If you have spent time among other believers, it will be of no surprise to you that biblical illiteracy is a major problem in the church. We have replaced the effort of getting to know who God is with other endeavors. Man’s opinion has become more important to us than taking the time to develop the biblical conviction needed to live courageously as exiles in this world. The under-development of conviction has everything to do with not knowing or comprehending biblical truth. Biblical illiteracy helps Christians to learn how to engage with their suffering.

For example, you may think your suffering is a punishment from God or disapproval of you as His child. These thoughts morph into feelings that eventually lead to particular convictions about God and His character that are devoid of biblical truth. Forgetting passages like Hebrews 12:7, “Endure suffering as discipline: God is dealing with you as sons,” has dire consequences for our life in Christ. Or the exhortation from James to “count it all joy, my brothers, when you meet trials of various kinds, for you know that the testing of your faith produces steadfastness” (James 1:2-3). Instead, our suffering comes at us, knocking all strength from our stride because we are unaware of its use in the Christian life. You see suffering places weight on our theological muscles, revealing to us where our theology of God has been exercised rightly and where it has not.

I think of passages like Matthew 7:24–27:

“Everyone then who hears these words of mine and does them will be like a wise man who built his house on the rock. And the rain fell, and the floods came, and the winds blew and beat on that house, but it did not fall, because it had been founded on the rock. And everyone who hears these words of mine and does not do them will be like a foolish man who built his house on the sand. And the rain fell, and the floods came, and the winds blew and beat against that house, and it fell, and great was the fall of it.”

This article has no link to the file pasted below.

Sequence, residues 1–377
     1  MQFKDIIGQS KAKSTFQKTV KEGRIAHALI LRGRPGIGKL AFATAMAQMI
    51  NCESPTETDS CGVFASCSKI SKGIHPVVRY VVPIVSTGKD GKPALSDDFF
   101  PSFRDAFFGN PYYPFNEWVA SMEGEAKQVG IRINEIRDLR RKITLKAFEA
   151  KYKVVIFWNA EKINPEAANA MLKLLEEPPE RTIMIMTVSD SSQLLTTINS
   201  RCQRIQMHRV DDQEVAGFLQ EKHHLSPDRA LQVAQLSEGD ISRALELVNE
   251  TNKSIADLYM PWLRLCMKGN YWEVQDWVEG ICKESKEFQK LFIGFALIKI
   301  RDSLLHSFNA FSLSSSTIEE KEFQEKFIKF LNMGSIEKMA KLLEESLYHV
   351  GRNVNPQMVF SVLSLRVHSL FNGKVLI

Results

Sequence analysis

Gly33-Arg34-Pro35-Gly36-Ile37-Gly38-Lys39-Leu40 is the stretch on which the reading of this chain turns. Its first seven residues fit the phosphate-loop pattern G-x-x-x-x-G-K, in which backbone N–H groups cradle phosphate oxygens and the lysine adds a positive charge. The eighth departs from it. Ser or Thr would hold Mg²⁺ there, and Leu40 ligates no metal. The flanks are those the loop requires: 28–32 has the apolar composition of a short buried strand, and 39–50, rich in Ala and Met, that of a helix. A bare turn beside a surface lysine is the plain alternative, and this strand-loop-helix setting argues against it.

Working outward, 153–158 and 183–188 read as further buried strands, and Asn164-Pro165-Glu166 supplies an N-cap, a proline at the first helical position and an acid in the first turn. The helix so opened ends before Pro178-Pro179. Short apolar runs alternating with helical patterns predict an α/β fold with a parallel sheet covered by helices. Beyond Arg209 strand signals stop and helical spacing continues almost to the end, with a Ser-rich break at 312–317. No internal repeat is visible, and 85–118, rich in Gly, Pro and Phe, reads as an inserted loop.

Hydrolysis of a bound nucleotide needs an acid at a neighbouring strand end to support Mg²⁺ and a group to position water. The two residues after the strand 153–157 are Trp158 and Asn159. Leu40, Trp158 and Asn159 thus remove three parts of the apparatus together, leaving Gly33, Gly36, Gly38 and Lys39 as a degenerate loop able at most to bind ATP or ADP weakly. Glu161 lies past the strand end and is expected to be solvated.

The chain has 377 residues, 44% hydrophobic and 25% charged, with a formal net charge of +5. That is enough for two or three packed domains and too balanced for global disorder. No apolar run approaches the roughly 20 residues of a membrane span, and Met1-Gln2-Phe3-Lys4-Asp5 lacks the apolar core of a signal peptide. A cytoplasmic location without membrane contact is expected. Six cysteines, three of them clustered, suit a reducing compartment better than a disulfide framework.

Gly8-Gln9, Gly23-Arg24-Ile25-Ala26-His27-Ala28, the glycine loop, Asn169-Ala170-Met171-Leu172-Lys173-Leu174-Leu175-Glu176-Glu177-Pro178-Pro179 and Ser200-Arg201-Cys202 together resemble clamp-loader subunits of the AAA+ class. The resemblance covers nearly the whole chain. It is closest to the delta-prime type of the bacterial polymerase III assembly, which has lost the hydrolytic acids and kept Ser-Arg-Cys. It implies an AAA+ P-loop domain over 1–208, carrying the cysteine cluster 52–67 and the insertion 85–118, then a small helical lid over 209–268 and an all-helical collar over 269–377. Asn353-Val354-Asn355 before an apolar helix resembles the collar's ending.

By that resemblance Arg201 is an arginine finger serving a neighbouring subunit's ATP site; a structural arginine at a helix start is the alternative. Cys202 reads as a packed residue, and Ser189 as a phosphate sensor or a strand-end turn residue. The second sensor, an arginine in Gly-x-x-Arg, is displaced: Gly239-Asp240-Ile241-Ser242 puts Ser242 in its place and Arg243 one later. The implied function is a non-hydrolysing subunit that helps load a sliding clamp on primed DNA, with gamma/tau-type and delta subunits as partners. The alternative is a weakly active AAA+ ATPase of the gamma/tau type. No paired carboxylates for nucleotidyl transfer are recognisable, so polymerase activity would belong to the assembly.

Notice that hearing precedes doing. How do we hear from God? How do we know what to do? How does a person stand amidst the peril of trial and tribulation?

Psalm 119:92 says, “If your law had not been my delight, I would have perished in my affliction.”

By delighting in every God-breathed word, we have access to!

There is a proverb that reminds me of how wonderful Scripture can be for one who is in need of consoling after days, months, or even years of suffering.

Proverbs 25:11–12 says, “A word fitly spoken is like apples of gold in a setting of silver. Like a gold ring or an ornament of gold is a wise reprover to a listening ear.”

In our deepest place of need, God’s word stands ready, at all times, to be a friend to us in our distress to adorn our heart with more of the beauty, worth, and majesty of Christ. What can stand against the inevitable winds that will come? Only Christ. Without fluency in the language of God and a passion to understand it from His Word, suffering will only be a dark foe to you when it was meant to be so much more.

Please do not miss the purpose of your suffering due to having your attention to diverted to worldly indulgence being more attractive to you. Doing so will result in you missing the depth of joy awaiting you and the power of God’s word that can strengthen the muscles of faith that will help you to endure to the end.

Share8
Reddit
Email
Buffer
Tweet